LOS ANGELES Firefighters in the foothills of central California have made significant gains against a blaze that has killed at least two people and destroyed scores of homes in a devastating start to the state's wildfire season, authorities said on Monday.Crews had carved containment lines around 40 percent of the fire's perimeter by Sunday night, up from 10 percent earlier in the day, and evacuation orders were lifted on Monday for two communities previously threatened.Officials however reported a higher toll of property losses on Monday, with about 250 structures reduced to rubble, 50 more than estimated the previous day, and 75 buildings damaged.The so-called Erskine Fire had blackened more than 45,000 acres of drought-parched brush and grass by Monday morning on the fringes of Lake Isabella in Kern County, California, about 110 miles (180 km) north of Los Angeles.The blaze erupted Thursday afternoon and spread quickly through several communities south of the lake, driven by high winds, as it roared largely unchecked for two days and forced hundreds of residents from their homes. Some 2,500 homes were threatened by flames at the fire's peak.On Friday, at least two people were confirmed to have been killed in the blaze. Kern County fire authorities warned that the death toll could rise as investigators combed through the rubble of homes that went up in flames.Anglican priest Byron McKaig and his wife, Gladys, were killed in the fire, Bishop Eric Menees of the Anglican Diocese of San Joaquin said in a statement. The cause of the fire was under investigation.More than 2,000 personnel have been assigned to the blaze, the biggest and most destructive of nine large wildfires burning up and down the state, from the Klamath National Forest near Oregon to desert scrubland close to the Mexico border. Most of those were at least 60 percent contained by Monday.A blistering heat wave that has baked much of California in abnormally high temperatures ranging from the upper 90s to the triple digits has been a major factor contributing to the conflagrations. While California's wildfire season officially began in May, the rash of blazes since last week signaled the state's first widespread outbreak of intense, deadly fire activity this year.Daniel Berlant, a spokesman for the California Department of Forestry and Fire Protection, said the state had already experienced some 2,400 wildfires, small and large, since January. They burned a total of 99,000 acres (400 square km).Winter and spring rainfalls helped ease drought conditions but also helped spur growth of grasses and brush that have since dried out, providing more potential fuel for wildfires, he said. (Reporting by Steve Gorman; Editing by Bernadette Baum and Paul Tait)

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Paris exhibition displays Chirac-like 18th century Japanese masks

PARIS Three antique Japanese theater masks that bear a striking resemblance to former French president Jacques Chirac will go on display from Tuesday in a Paris museum he set up 10 years ago and that will now bear his name."There are thousands of Chiracs in Japan," said Jean-Jacques Aillagon, who served as culture minister during Chirac's presidency, explaining that the late 18th century masks represent a Japanese theater character that was always carved with similar features.The museum, which specializes in early art from Africa, Asia and the Americas, will be renamed "Musée du Quai Branly-Jacques Chirac". The exhibition delves into his long-hidden passion for such works of art. The 83-year-old Chirac was better known for his taste for food and beer, and a pundit once said about him: "Men usually read Playboy hidden behind the cover of a poetry book, but Chirac reads poetry behind a copy of Playboy."Saying she also spoke in his name, Chirac's wife Bernadette told reporters: "France is never greater than when it engages with other cultures, other people. It's a strong message and one that is very relevant now." Chirac, a center-right politician who was a prominent figure in French politics for decades, was president from 1995 to 2007. (Reporting by Ingrid Melander; Editing by Dominic Evans)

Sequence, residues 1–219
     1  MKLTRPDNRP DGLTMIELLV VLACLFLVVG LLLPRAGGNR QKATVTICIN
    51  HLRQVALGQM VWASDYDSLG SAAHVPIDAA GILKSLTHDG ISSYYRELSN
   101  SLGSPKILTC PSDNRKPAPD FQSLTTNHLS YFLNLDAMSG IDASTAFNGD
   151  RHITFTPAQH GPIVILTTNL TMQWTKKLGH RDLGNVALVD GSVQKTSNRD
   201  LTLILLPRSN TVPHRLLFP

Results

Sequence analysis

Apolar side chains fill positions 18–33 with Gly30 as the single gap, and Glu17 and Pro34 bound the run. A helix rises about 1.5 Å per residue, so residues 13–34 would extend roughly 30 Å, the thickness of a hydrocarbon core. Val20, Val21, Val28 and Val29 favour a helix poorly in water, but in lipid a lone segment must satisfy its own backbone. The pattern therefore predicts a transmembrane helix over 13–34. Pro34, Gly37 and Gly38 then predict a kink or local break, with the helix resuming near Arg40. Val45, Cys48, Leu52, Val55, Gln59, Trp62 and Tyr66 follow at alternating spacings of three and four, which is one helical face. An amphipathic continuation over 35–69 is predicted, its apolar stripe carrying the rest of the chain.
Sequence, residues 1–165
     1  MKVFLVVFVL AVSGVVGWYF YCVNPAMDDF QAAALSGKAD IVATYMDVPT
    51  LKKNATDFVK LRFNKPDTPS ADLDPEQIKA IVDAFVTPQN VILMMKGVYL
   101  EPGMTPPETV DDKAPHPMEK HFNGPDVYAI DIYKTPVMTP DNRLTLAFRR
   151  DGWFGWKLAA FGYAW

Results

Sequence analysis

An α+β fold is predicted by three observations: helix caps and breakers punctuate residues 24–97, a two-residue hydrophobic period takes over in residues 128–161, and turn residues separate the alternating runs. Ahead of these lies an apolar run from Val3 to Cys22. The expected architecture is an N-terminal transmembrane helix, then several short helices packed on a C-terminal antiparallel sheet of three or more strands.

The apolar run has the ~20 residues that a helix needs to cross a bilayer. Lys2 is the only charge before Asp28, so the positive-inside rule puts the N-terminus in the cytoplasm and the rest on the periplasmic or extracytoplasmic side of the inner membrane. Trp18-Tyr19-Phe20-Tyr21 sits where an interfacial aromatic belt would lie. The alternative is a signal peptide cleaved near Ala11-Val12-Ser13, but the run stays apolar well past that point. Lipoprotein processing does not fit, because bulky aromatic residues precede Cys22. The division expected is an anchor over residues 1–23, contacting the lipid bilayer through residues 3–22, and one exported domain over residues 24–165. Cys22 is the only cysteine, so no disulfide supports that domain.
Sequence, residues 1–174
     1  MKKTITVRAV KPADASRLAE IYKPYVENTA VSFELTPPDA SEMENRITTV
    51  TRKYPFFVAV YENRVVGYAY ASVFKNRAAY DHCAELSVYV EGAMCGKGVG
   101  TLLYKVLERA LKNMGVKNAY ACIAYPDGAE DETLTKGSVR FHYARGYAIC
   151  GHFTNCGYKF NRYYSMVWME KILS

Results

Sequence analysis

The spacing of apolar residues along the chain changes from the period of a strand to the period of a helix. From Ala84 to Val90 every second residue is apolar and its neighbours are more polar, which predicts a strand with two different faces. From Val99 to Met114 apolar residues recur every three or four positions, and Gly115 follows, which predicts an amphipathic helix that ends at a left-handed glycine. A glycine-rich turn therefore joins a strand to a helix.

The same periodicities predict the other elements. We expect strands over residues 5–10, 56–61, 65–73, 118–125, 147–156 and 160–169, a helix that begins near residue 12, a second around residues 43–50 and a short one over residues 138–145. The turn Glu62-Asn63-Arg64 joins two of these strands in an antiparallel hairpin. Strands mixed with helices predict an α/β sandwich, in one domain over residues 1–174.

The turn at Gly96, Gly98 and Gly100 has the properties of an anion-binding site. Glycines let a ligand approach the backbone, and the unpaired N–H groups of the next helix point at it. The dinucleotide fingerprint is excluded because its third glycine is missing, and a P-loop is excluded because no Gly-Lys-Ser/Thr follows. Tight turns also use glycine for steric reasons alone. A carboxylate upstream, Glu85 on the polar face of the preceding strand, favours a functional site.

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Thousands gather at Stonehenge to watch summer solstice sunrise

SALISBURY PLAIN, England Thousands of people watched the sun rise at Stonehenge on Tuesday after gathering at the ancient monument site in southern England to mark summer solstice.English Heritage, which seeks to protect historical sites, said some 12,000 people watched the 04:52 a.m. (0352 GMT) sunrise at Stonehenge."The weather was fine throughout and the highlight of the evening was a spectacular full, strawberry moon over the ancient stones," it said in a statement. "The morning saw a glorious sunrise...met with chanting and cheering from the crowd." (Writing By Marie-Louise Gumuchian,; Editing by Deepa Babington)

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Bill Murray to be awarded Kennedy Center's Mark Twain Prize

WASHINGTON Actor and comedian Bill Murray has been chosen to receive the 19th annual Mark Twain Prize for American Humor by the John F. Kennedy Center for the Performing Arts.Murray, the star of such movies as "Groundhog Day" and "Rushmore," will be awarded the prize named for the great 19th century U.S. novelist and satirist on Oct. 23, the Kennedy Center said in a statement on Monday.“An award-winning writer, actor and comedian, his brilliant wit and infectious spirit continue to inspire our laughter across generations both on and off the screen," said Kennedy Center President Deborah Rutter.Murray, 65, is among the best-known stars to emerge from NBC's "Saturday Night Live." He performed on the groundbreaking television comedy show from 1977 to 1980 and honed his skills portraying insincere and lovably smarmy characters.He portrayed a dim-witted groundskeeper in "Caddyshack," was a paranormal investigator in "Ghostbusters" and stood out as a mobster in "Mad Dog and Glory." Murray was nominated for a Best Actor Academy Award for his portrayal of a jet-lagged movie star in "Lost in Translation." He has won two Emmy Awards.In a statement, Murray said he was honored to receive the award. "I believe Mark Twain has rolled over in his grave so much for so long, that this news won’t disturb his peace,” he said. Previous Mark Twain Prize honorees include Richard Pryor, George Carlin, Lily Tomlin, Neil Simon, Carol Burnett, Jay Leno and Eddie Murphy, the 2015 winner.The award ceremony will be recorded for television broadcast. (Reporting by Ian Simpson; Editing by Tom Brown)